A notable characteristic of the Rosetta Stone course is its lack of translation. While Duolingo users enjoy the mix of home and target languages, Rosetta Stone’s courses are entirely in the target language. While many language experts and enthusiasts do not believe that this style benefits the learner, some think otherwise. Rosetta Stone aims to enhance familiarity with the target language by surrounding the learner with it. Some opinions agree with the motive.
While we can see reason with Rosetta Stone, one major concern about the lack of translation is its effect on newbie learners. The less familiar a learner is with the target language, the higher their need for translation. As a result, a lack of translation can produce a feeling of loneliness.
On the other hand, Duolingo is heavy on translation. While the no translation learning in Rosetta Stone can put off a learner, Duolingo offers its extreme in that area. If your proficiency level is above “beginner,” you may need a challenge. Duolingo relies too heavily on translation to test your skills enough.
Based on the translation issue, you might fare better as a beginner on Duolingo and as an intermediate in Rosetta Stone. But, again, it’s up to you to decide.
Duolingo wanted to create a fun atmosphere for language learning, hence its gamification. Duolingo believes that by making language learning seem like a mission and providing rewards along the way, learners will have more than enough motivation. Duolingo aims to strengthen the vocabulary and fully engage its users.
On the other side of the ring, Rosetta Stone challenges your memory and ability to think logically. Rosetta Stone also wants to make a difference in your accent. The app uses images, sound, and voice tests to strengthen your grasp of the language further.
Live classes are a fantastic way to solidify your target language knowledge. You get to learn from a language expert and other students like you. In addition, live classes are golden opportunities to experience something close to the classroom.
Unfortunately, Duolingo doesn’t organize live classes. Instead, they provide learners with links to external classes that may be free or paid.
Rosetta Stone runs live classes with language experts daily. These classes will contain a maximum of six learners so everyone can receive adequate attention.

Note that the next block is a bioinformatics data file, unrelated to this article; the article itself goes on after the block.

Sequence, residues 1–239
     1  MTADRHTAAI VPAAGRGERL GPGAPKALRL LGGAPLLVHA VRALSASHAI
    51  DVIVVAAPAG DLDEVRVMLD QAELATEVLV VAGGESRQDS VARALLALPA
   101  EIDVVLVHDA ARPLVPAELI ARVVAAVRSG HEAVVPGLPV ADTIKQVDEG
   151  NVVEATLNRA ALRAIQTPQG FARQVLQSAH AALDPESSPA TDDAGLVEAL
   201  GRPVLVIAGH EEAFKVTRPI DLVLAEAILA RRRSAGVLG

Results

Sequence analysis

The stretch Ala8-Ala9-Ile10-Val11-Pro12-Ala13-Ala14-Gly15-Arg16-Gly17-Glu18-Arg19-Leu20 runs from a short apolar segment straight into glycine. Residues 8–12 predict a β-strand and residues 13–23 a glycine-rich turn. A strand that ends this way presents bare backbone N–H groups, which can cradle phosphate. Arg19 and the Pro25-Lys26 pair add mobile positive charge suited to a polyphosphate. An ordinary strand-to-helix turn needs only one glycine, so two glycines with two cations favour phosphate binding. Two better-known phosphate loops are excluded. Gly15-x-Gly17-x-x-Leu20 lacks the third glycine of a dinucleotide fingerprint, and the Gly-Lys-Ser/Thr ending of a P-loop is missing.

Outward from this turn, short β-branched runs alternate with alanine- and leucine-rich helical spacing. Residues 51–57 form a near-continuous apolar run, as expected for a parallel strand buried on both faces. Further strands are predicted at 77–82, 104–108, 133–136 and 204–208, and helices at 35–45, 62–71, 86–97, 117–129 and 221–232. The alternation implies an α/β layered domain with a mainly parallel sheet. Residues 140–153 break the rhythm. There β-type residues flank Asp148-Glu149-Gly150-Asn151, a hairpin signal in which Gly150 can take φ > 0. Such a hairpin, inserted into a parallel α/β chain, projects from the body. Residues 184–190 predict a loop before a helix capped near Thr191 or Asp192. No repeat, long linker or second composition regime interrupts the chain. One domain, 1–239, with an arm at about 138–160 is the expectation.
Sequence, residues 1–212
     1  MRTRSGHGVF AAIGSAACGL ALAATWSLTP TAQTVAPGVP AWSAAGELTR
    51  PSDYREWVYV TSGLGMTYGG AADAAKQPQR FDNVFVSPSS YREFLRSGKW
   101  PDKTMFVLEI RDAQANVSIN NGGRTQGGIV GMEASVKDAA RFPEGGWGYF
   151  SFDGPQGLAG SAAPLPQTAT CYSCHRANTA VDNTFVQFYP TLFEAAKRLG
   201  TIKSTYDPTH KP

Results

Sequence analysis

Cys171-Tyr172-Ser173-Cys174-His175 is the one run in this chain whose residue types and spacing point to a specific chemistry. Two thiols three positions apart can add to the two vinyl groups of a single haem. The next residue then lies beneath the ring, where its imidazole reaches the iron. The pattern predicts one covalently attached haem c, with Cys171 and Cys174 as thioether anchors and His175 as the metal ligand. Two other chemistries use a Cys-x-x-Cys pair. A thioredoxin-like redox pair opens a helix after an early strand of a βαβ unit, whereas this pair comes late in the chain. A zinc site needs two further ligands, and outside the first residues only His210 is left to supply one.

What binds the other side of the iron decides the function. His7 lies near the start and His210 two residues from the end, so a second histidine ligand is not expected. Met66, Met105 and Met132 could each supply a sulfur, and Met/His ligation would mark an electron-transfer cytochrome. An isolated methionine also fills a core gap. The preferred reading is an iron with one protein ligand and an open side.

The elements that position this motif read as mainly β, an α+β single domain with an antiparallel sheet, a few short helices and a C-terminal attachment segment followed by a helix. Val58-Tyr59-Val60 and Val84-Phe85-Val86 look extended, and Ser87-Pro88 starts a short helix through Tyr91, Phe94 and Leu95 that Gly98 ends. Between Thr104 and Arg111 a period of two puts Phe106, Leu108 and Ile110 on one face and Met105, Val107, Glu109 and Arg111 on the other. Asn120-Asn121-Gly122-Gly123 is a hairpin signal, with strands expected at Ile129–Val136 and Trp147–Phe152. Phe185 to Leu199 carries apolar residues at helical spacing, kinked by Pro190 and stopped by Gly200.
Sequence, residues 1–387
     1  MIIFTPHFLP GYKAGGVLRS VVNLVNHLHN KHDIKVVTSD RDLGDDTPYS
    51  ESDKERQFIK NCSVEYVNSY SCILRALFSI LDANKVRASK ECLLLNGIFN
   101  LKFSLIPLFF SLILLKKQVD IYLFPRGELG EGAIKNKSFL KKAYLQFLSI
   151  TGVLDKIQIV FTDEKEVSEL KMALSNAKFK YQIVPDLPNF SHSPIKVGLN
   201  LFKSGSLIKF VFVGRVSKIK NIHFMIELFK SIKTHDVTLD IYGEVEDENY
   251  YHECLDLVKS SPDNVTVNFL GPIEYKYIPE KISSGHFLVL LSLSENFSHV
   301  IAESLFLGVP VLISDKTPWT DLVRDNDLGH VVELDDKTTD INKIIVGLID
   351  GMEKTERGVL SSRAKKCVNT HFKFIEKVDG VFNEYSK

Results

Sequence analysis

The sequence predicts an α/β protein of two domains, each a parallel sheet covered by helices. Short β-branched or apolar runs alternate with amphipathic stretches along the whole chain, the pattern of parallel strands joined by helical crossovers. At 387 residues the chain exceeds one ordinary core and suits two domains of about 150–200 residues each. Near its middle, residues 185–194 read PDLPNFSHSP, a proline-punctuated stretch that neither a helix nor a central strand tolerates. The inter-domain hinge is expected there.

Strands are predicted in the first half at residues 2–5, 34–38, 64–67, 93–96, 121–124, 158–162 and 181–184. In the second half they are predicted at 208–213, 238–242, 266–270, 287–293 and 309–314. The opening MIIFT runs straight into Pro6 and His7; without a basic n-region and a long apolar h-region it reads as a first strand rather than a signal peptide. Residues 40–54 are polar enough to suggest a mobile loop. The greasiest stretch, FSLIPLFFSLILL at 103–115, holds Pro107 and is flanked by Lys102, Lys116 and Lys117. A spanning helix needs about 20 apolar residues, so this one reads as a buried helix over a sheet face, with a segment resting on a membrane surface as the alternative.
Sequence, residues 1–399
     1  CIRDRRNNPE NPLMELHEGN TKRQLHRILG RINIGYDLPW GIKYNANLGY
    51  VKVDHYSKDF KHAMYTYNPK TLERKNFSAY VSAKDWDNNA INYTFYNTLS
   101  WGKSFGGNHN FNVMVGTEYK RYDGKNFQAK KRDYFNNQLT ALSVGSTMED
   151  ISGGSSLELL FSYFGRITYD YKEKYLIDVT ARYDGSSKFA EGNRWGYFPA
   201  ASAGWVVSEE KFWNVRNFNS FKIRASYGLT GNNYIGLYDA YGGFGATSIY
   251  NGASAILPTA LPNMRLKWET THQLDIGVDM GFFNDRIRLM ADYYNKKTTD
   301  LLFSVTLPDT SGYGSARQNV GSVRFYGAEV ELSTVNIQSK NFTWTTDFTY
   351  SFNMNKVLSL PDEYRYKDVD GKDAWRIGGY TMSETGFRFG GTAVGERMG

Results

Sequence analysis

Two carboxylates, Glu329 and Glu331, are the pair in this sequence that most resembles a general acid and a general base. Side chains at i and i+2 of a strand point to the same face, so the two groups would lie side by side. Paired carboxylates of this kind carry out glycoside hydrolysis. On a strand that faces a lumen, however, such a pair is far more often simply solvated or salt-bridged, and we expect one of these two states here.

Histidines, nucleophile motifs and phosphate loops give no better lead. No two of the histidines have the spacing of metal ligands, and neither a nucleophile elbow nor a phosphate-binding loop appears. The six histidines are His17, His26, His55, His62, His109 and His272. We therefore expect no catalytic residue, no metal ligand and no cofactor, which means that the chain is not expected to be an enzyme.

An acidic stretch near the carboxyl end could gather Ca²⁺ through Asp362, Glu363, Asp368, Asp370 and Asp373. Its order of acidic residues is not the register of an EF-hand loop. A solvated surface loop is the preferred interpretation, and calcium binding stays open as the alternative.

Duolingo completes the gaming experience by creating an avenue for learners to connect and compete. Learners slug it out for experience points. The top ten ranked learners make it to the next level, where they get to compete with the very best. Leaders can see how they rank with other learners on a leaderboard.
Not only does Rosetta Stone lack this feature. In addition, the app offers no opportunity for competition.
Duolingo Vs Rosetta Stone-Frequently Asked Questions
Let’s go over some popular questions about Duolingo and Rosetta Stone.
Maybe. Both apps can take you to a significant level of proficiency if you give them your full attention. Finding which app is better for you is the best way to choose. Choose the app that best meets your preferences and specific needs.
The duration it takes to become fluent in Rosetta Stone isn’t the same for everyone. However, the general period for attaining fluency is about 44 weeks. But that is for languages that are a bit similar to English.
Yes, but with the help of native speakers. Duolingo alone does not have what it takes to get you the highest level of fluency. However, you can augment your lessons by interacting and practicing with a native speaker.
Three days. Rosetta Stone lets you set up a payment method before getting a feel of the app. You will have access to all the available languages on the app during your free trial period. Your payment should happen automatically when the free trial period elapses.
Over the years, Duolingo and Rosetta Stone have made their mark in language learning. Choosing which to go for could be pretty tricky. However, they have strengths and weaknesses you should know about. Also, before you make a choice, ensure that you factor in your learning needs, financial capacity, and preferences. Then, after examining their similarities and differences, you are in the best position to determine which will best serve your interests.